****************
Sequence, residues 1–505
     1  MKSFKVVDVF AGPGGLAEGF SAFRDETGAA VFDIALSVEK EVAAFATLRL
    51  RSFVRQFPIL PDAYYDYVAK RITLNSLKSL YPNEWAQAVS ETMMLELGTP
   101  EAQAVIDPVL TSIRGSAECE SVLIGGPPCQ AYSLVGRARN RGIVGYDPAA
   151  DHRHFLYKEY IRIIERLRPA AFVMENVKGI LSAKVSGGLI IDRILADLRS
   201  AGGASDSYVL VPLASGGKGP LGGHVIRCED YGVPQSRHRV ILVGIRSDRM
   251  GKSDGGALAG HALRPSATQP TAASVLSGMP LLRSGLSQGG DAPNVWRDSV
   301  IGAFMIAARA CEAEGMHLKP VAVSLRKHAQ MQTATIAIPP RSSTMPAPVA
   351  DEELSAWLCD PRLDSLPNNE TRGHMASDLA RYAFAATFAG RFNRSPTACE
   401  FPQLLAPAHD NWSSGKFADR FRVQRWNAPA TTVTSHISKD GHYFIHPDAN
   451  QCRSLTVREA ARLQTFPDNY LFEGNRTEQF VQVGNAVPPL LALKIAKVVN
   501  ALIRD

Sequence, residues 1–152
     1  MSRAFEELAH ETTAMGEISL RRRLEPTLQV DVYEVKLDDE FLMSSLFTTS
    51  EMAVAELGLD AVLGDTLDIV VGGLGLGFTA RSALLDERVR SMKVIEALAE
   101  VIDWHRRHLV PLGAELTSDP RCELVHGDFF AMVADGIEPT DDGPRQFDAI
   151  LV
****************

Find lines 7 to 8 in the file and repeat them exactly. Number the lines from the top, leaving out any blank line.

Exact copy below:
   251  GKSDGGALAG HALRPSATQP TAASVLSGMP LLRSGLSQGG DAPNVWRDSV
   301  IGAFMIAARA CEAEGMHLKP VAVSLRKHAQ MQTATIAIPP RSSTMPAPVA